Gase's adjustments in pass-to-run ratio and touch and target shares suggest that he is able to conform his play calling strategy to highlight his roster's strengths and optimize his offense's production.

Now with the Dolphins, Gase will have the opportunity to shape an offense that currently lacks a true identity. Last season, Miami threw on 64.8 percent of plays (third-highest in the league), and scored on just 25.7 percent of their drives (second-worst). 

Ryan Tannehill has underwhelmed in his four seasons with the team, and the departure of Lamar Miller to Houston leaves a massive hole to be filled in the backfield. Outside of Jarvis Landry, who generally catches passes that are glorified run plays, Miami has been without a receiving threat that can put much pressure on a secondary.

Though Jay Cutler's didn’t have a great 2015, the arrival of Gase had a positive impact on Cutler’s overall efficiency, and that’s precisely where Tannehill needs improvement. In 2015, Tannehill ranked 18th or worse in TD/INT ratio, completion percentage, and AY/A (min. 200 attempts). If Gase can help bring along DeVante Parker as expected, a true downfield and red zone threat combined with Gase’s influence could result in Tannehill returning to his top 10 fantasy QB form of 2014.

Given the fact that’s closest comp for DeVante Parker is A.J. Green, and that Tannehill's AY/A when targeting Parker in 2015 was over 10, it seems that Parker fits the profile as the fast, big-bodied wideout that Gase has grown accustomed to featuring as the X receiver in his passing offense. Even if Landry maintains his relatively large market share (28.7 percent in 2015), he and Parker often won't be seeing the same types of targets, plus Gase has proven that he is willing to filter the passing offense through two primary pass catchers. A target share that ranks in the top 20 in the league -- and the fantasy stats to match that opportunity -- is well within DeVante Parker’s range of outcomes.

After Parker and Landry, assuming Parker does inherit a healthy market share, how the rest of the targets will be distributed is anyone's guess and that goes for the tight end position, as well. Gase has shown that he will use the tight end heavily when needed, especially near the goal line, but if Parker and Landry absorb upwards of 45 percent of the targets, Jordan Cameron's value may hinge on those scoring opportunities alone.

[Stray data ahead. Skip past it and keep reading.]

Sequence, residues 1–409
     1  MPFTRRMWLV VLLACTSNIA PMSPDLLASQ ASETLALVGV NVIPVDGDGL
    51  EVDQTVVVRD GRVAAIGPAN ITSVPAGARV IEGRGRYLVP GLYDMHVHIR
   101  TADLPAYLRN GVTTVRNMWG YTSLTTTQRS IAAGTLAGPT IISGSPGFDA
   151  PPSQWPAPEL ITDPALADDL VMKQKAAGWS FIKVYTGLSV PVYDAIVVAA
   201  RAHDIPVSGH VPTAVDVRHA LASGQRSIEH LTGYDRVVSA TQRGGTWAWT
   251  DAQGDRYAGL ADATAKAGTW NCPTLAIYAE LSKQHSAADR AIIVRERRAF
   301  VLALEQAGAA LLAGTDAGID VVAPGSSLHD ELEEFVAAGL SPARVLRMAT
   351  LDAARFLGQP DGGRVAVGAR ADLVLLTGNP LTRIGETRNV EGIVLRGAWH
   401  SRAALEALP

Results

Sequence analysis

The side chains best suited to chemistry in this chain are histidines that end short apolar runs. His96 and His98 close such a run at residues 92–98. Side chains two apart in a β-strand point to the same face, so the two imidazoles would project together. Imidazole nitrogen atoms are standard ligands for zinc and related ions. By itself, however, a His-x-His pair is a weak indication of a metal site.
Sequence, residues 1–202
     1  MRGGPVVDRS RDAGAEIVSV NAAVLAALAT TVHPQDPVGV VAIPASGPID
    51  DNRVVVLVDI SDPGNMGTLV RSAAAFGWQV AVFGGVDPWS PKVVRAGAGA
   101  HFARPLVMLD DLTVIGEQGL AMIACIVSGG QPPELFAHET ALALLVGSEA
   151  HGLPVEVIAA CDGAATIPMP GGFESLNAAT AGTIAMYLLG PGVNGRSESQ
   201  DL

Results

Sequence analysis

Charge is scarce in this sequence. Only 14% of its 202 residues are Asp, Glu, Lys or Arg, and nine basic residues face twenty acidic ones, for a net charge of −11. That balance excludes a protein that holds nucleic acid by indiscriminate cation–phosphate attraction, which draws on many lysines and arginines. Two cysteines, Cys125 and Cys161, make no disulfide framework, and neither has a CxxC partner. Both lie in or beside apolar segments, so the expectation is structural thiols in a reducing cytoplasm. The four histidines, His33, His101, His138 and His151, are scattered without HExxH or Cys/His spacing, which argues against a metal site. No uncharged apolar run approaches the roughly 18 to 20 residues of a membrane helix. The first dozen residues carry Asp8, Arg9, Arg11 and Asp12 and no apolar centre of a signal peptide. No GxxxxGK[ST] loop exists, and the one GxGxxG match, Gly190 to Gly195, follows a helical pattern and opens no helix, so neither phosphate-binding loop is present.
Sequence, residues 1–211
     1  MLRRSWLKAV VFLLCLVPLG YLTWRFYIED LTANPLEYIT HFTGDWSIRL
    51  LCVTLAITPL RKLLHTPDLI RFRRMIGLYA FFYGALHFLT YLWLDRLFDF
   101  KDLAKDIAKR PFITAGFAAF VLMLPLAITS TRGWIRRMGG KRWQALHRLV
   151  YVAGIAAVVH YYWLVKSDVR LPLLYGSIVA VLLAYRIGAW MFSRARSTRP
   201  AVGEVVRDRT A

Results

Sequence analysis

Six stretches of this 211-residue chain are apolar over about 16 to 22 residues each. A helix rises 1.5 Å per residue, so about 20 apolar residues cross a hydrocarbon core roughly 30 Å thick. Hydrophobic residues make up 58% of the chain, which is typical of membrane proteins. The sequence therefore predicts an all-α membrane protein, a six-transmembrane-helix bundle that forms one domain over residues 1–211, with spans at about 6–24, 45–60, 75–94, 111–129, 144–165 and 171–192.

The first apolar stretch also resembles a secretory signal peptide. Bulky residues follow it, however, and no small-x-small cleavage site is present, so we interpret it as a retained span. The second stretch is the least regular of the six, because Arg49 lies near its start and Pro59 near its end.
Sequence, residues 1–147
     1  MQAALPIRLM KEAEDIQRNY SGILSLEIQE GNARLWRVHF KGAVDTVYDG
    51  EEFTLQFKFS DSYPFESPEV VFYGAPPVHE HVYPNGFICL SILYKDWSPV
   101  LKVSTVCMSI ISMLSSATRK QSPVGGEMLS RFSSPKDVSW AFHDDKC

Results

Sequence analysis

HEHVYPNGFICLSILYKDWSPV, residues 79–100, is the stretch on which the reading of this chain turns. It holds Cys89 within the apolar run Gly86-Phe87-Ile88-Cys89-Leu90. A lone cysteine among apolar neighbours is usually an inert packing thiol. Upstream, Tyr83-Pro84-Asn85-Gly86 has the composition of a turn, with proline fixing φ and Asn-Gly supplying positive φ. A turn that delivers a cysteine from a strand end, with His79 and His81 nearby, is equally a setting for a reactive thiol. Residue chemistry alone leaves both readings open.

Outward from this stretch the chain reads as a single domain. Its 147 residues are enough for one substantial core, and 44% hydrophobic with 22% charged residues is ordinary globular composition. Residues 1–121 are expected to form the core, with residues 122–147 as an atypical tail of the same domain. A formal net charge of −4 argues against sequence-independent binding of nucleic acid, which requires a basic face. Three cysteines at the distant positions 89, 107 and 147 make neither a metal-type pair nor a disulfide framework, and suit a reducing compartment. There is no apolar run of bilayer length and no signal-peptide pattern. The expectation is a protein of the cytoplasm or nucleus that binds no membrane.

In 2015, Cameron ranked among the top 10 tight ends in terms of red zone target market share (20.6 percent), but converted just 21.4 percent of those targets into scores (league average for tight ends is roughly 30 percent). Should Miami see a boost in scoring efficiency similar to the one Chicago saw upon Gase's arrival last year, there may be enough scoring chances to make Cameron a deep sleeper, especially since stats like touchdown rate tend to regress to the mean. Going into the season Cameron should be viewed as nothing more than a streaming cadidate or late flier in very deep leagues.

Probably the biggest question mark in the Miami offense is how the backfield will shake out. Early offseason rumors pointed to the Dolphins signing a veteran back to at least share touches with second-year back, Jay Ajayi, but after Miami failed to ink a running back via free agency, they spent a third round draft pick on Kenyan Drake

On last week’s Most Accurate Podcast, Brandon Niles surmised that the Drake pick solidifies Ajayi as the workhorse, while John Paulsen contended that the rookie could have a Charles Sims-like role in the offense. The obvious concern there is Gase’s relatively low use of running backs in the passing game. It’s still months before a snap has been taken in training camp, but the most likely outcome seems to be that Ajayi flirts with a 60 percent backfield touch share, which would have ranked in the top 10 of all backs in 2015.

Should Gase implement an offense that is closer to the league average in terms of pass/run splits and improve the team's scoring efficiency (both often regress to the mean despite a coaching change), Jay Ajayi has 220-plus carry potential, and with some pass catching ability himself, he has a fantasy ceiling that lands him squarely in RB1 territory.


Editor's Note: Early bird rates for 4for4's Premium and DFS Subscriptions are available now here.

1. Ten if you consider Rob Boras and Jim Bob Cooter, who will retain play calling duties after being promoted mid-season in 2015.

Filed Under: Preseason, 2016